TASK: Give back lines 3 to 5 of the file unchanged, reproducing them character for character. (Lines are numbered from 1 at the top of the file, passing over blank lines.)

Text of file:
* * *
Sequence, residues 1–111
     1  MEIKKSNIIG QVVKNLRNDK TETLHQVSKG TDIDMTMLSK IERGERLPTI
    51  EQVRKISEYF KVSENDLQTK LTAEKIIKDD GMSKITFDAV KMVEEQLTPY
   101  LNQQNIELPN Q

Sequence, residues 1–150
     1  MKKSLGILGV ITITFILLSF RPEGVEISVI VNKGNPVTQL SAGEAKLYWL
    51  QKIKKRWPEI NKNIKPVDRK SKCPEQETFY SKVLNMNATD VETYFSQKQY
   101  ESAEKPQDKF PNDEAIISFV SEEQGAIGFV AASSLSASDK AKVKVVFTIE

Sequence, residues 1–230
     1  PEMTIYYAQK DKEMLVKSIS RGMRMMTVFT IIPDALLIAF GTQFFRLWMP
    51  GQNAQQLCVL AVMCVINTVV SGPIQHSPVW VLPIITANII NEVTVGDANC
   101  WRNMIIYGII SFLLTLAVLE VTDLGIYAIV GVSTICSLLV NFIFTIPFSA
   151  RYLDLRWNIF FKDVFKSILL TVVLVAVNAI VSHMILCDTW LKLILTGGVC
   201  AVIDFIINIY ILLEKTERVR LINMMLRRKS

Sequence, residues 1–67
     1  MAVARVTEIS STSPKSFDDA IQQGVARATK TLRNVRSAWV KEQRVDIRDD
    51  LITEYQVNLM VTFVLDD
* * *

    51  EQVRKISEYF KVSENDLQTK LTAEKIIKDD GMSKITFDAV KMVEEQLTPY
   101  LNQQNIELPN Q

Sequence, residues 1–150